Nano drones

Nano drones have had a reverse trajectory of applications compared to the micro or small drones till date. They started out with pure play hobby – toy usage and are slowly being explored for usage in commercial and then into the defense applications. Some of the most popular nano-drones start from as low as $10 going all the way to in a few $1000s. They also found strong adoption in the drone racing space. In the developer / commercial space, nano drones are finding a lot of usage for education and idea prototyping purposes. Some of the largest nano-drone companies have deep focus on education space.

Nano drones have also evoked strong interest among the all the wings of defense area. Prox Dynamics, a company that was originally building toy drones, later pivoted to manufacture its flagship nano drone – Black Hornet – for the defense forces. It has a fairly good endurance and low weight and is fairly expensive even from the defense standpoint. And while something like Black Hornet is used purely for surveillance purpose, nano drones have set fire to imagination of various members of the armed forces for their specific use cases.

While a drone like Black Hornet is broadly for all type of surveillance, Indian manufacturers and defense personnel are looking for some very specific customized applications. These include closed space surveillance – something that could have been the eye of the soldier before they enter a closed space battlefield (a la 2008 Taj Mumbai). These could also be used in anti-terror operations where terrorists have been holed up in a closed space but poses a very high risk to anyone who will try to barge in to neutralize. Nano drones can also be used in swarms to check out a large area (either closed space or maze structure) with the right set of localisation capabilities to gather fast intel of a large area before taking action. And finally, one can explore using nano drones to stun the enemy in a guided manner which may not be possible through a regular stun grenade. With a joint development between the armed forces and the industry, such focused use cases can be developed and deployed.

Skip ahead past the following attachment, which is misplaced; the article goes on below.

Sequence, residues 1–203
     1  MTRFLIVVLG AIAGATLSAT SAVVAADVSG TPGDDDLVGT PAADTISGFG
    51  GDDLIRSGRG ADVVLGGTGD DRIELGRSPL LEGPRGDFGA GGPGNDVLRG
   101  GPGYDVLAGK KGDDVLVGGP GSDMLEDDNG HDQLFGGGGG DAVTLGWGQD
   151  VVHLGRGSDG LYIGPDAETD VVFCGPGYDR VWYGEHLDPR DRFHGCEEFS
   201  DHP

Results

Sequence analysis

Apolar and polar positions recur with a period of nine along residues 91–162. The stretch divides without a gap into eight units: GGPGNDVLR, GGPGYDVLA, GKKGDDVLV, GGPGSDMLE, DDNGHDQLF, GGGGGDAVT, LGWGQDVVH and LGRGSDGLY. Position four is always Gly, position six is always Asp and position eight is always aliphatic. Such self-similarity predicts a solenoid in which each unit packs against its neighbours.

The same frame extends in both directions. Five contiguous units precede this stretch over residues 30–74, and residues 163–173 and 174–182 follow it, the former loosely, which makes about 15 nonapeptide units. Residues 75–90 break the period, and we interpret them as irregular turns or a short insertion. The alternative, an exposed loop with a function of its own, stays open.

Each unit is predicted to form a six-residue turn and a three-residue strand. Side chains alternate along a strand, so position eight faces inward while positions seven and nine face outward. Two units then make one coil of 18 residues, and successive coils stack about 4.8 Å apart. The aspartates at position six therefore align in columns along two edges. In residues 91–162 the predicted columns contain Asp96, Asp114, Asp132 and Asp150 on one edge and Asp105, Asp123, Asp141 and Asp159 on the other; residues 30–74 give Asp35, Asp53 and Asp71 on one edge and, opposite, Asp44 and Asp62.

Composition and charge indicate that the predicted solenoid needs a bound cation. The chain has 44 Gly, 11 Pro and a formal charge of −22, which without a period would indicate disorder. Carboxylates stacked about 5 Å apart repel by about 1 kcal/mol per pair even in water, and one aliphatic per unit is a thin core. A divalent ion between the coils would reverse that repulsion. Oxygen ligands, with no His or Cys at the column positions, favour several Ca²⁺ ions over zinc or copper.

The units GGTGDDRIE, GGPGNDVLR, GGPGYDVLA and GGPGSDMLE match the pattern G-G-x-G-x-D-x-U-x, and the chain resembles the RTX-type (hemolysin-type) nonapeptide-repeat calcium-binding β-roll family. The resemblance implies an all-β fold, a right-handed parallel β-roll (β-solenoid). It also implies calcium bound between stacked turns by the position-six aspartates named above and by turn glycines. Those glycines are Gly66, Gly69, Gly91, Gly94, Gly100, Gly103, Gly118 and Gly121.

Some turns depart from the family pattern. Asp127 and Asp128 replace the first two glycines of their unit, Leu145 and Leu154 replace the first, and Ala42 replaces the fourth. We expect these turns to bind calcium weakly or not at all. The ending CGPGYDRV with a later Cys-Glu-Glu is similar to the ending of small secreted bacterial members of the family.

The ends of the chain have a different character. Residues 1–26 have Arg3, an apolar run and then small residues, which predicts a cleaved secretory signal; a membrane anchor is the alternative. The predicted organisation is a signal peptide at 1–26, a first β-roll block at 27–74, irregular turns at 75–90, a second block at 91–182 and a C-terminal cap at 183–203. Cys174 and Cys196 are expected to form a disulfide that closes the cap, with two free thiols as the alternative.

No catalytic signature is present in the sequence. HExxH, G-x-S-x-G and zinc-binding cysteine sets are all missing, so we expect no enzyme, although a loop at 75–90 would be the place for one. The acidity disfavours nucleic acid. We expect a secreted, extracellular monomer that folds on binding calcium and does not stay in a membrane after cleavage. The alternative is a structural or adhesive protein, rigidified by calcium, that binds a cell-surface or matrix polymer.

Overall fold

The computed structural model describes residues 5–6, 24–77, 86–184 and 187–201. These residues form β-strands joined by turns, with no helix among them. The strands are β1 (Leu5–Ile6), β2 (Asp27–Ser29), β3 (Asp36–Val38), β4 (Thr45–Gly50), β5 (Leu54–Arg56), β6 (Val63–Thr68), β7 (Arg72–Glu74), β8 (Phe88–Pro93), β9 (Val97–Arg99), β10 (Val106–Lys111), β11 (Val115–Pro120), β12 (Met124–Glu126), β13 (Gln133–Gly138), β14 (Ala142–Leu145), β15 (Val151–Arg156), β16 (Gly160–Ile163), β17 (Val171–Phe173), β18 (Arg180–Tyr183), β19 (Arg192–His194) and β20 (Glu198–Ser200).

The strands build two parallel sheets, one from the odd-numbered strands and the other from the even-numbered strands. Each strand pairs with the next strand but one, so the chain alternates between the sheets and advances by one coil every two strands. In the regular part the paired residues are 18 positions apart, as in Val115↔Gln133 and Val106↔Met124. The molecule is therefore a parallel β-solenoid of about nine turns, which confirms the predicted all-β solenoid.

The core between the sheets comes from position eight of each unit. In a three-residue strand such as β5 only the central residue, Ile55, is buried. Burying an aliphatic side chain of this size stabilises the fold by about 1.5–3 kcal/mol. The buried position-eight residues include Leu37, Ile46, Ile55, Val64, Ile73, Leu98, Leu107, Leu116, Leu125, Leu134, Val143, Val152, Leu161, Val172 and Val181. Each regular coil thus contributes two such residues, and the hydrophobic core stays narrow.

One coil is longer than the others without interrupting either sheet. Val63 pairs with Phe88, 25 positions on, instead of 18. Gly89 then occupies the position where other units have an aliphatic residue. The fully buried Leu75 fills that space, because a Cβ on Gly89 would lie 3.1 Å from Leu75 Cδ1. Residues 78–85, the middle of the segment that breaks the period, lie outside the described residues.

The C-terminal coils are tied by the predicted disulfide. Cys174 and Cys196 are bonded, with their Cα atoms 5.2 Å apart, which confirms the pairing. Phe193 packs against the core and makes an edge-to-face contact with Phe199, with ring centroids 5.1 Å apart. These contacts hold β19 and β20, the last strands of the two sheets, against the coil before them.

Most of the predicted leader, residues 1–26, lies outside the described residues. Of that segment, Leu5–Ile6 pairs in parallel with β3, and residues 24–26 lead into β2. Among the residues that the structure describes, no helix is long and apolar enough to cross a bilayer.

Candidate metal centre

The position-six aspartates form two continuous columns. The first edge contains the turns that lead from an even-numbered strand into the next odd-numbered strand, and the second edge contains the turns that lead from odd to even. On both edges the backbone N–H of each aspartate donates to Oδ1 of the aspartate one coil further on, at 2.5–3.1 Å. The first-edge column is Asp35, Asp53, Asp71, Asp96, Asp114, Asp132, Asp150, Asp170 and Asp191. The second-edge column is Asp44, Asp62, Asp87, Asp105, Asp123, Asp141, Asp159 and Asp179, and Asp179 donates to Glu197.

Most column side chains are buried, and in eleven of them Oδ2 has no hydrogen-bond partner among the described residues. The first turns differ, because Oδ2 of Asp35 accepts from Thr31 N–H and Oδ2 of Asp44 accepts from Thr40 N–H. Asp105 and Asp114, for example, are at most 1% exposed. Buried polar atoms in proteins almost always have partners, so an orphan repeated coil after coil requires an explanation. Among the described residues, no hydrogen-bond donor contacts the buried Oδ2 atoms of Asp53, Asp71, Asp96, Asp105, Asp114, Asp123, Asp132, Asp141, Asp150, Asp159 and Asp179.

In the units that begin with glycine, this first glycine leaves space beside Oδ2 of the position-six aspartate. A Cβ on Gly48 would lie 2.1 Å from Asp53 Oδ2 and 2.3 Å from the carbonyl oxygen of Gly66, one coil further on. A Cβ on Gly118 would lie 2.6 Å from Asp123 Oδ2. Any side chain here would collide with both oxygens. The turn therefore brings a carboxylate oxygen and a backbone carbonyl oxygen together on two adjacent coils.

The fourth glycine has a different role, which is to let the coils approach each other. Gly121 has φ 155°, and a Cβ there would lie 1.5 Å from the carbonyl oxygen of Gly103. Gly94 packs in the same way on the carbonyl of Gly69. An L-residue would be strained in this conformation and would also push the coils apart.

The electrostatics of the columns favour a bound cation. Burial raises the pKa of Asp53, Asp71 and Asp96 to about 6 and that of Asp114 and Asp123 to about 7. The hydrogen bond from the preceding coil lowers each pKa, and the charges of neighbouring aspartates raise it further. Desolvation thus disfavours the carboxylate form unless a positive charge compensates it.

About Drona Aviation and Zeus Numerix

Drona Aviation is a SINE IIT Bombay startup whose founders have been working for more than 10 years in the field of drones. Countries like China, US and Israel have a strong head start in the field of drones. India can attempt to compete with these countries (and others globally) only if we have a large open source community of drone enthusiasts, tinkerers and application developers. With that focus, Drona Aviation has built the Pluto platform which is ideal for students to learn drones and engineers to prototype their drone ideas on top of. Drona Aviation is the only Indian company making drones for developers. It is also the only Indian company manufacturing nano drones. They have reached between 5 to 10 lakh students across India through our collaborations with NitiAayog’s Atal Innovation Mission. They also work with other industrial partners on building customized use cases specific to their industries.

Zeus Numerix is also a SINE IIT Bombay incubated startup.